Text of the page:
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      IXTAbox is proved to have aerodynamic superiority over a roofbox, as shown in Marcus Sandberg’s Master Thesis. Sandberg's work showed an increase in drag from 3% to 15% when using IXTAbox. In contrast, rooftop boxes generated an extra drag force of 38% to 43%. Moreover, an IXTAbox correctly mounted on a vehicle lowered the total drag force compared to the vehicle alone under certain conditions, thus increasing the range of the car. 

       

      *Material and pictures presented at the courtesy of Marcus Sandberg.*
       *Material and pictures presented at the courtesy of Marcus Sandberg.*

       

      Aerodynamic Study of Vehicle Mounted Cargo Boxes

      Even at first glance it is obvious that a rooftop box would generate more wind drag than an IXTAbox placed behind the vehicle. However, how much more? What are the impacts of different sizes and positions of an IXTAbox relative to the towing hook and vehicle? What things can be done to further reduce wind drag while driving? 

      These questions were thoroughly investigated by Marcus Sandberg in his Master Thesis at the Chalmers University of Technology during the fall and winter of 2021-22 and provided ground-breaking and fact-based evidence of the benefits of using IXTAbox over common rooftop boxes.

      In this work, Sandberg used powerful computational simulation tools to compare how two differently sized rooftop boxes compare in performance to multiple IXTAbox models while driving at 90 km/h. In the case of the roofbox, a large model and a more streamlined one were tested, while six sized IXTAboxes 150, 170 and 190 cm wide that respectively are 40 and 60cm were part of the study. 

      To simulate the performance of each box, Computational Fluid Design (CFD) tools were used, which are also employed by auto, boat and aeroplane designers. These simulations ran on Chalmers' powerful computers and each calculation took between 12-24 hours to compute. 

       

      ¿What Is Wind Drag? - An Abbreviated and Simplified Explanation of a Complex Field of Aerodynamics.

      In short, drag is the force of wind or air resistance pushing in the opposite direction to the motion of the object. When an object is moving through a medium, such as air, it generates drag, which can be greater or smaller pending on the shape of the object.

      The specific drag level of an object is called the Drag Coefficient Cd. When multiplied by the Projected Area of the object moving through the medium Ap, the total Drag Force Fd can be calculated. This is the force that pushes the vehicle in the opposite direction to where it is heading. This is caused by the pressure difference that the object generates while moving through the medium, similarly to the wing of a plane that creates an upward lift due to the lower pressure on top of the wing. In a car, this lower pressure is typically created behind the vehicle where a wake is formed and the air reaches almost zero velocity as shown in image 1.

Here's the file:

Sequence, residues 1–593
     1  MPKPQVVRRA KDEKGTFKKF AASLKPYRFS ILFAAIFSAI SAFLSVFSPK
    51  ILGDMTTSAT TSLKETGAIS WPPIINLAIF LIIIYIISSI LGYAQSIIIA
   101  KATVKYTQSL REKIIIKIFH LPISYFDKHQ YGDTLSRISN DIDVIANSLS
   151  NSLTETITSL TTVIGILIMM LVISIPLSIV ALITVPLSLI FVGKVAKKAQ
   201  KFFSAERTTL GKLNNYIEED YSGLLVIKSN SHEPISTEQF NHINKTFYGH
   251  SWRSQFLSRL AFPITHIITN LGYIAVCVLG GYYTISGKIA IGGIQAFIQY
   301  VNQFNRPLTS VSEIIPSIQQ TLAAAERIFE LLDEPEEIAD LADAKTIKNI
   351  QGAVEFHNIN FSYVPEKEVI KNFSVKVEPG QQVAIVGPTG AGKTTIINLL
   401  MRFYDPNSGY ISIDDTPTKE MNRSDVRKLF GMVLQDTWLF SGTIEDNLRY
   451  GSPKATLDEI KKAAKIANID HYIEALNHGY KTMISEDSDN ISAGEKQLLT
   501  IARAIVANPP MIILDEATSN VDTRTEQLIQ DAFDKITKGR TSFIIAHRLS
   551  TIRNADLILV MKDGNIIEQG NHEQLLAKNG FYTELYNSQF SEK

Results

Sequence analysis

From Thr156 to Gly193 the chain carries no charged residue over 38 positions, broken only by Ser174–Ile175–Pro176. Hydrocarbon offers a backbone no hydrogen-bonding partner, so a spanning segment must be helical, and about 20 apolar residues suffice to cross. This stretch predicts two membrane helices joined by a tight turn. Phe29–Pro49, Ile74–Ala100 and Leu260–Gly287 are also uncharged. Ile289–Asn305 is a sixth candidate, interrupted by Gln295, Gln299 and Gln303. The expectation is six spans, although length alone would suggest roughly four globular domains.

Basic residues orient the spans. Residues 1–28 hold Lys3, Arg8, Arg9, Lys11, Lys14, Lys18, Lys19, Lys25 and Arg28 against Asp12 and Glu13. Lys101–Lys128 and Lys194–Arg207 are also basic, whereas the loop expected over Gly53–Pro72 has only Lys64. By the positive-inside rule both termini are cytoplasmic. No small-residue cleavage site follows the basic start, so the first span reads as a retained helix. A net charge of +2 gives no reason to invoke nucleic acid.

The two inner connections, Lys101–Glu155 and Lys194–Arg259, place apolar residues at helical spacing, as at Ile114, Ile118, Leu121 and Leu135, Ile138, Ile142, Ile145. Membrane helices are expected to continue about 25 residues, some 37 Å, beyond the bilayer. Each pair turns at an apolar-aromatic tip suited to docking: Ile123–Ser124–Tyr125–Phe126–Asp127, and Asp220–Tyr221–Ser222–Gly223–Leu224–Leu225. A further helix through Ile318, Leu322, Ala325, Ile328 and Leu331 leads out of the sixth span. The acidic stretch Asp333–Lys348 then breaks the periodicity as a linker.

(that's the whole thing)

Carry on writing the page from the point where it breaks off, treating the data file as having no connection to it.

*Image 1*

       

      The simulations were done using a digital reference model called DrivAer Notchback, which has a Cd of 0,254 and is conceptually a mixture of an Audi, BMW, Mercedes, Volvo sedan vehicle.
      With the projected Area, Ap of this reference vehicle being 2.106m2, the total Drag Force created Fd is 0,536. Computing using CFD for the two roof boxes and the six variants of IXTAboxes the following results were obtained:

      Model

      Cd

      Area (m2)

      CdA  = Fd

      % Diff

      DrivAer Alone 

      0.254

      2.106

      0.536

      0%

      Streamlined roof box

      0.307

      2.407

      0.740

      38%

      Volume roofbox

      0.310

      2.472

      0.769

      43%

      150-40 IXTAbox

      0.263

      2.106

      0.554

      3%

      150-60 IXTAbox

      0.281

      2.106

      0.592

      10%

      170-40 IXTAbox

      0.263

      2.106

      0.555

      4%

      170-60 IXTAbox

      0.281

      2.108

      0.596

      11%

      190-40 IXTAbox

      0.282

      2.152

      0.603

      13%

      190-60 IXTAbox

      0.283

      2.183

      0.618

      15%

       

      Both roof boxes naturally increase the Projected Area (increased by 0.301-0.366m2), while only half of the IXTAbox models perceive any increase (increased by 0.002-0.077m2).  Moreover, the higher Drag Coefficient Cd has a negative effect on the roof boxes, as Cd only increased slightly for the IXTAbox models.
      The results conclude that the total drag force created with any variant of the IXTAbox will only increase from 3% to a maximum of 15%, while the rooftop boxes generate an extra drag force of 38% to 43%.

      The impact of the drag difference is well depicted in the following comparable images, where you can see the size of the wake generated by both boxes, as well as the low-pressure zones and wind speed behind the vehicle.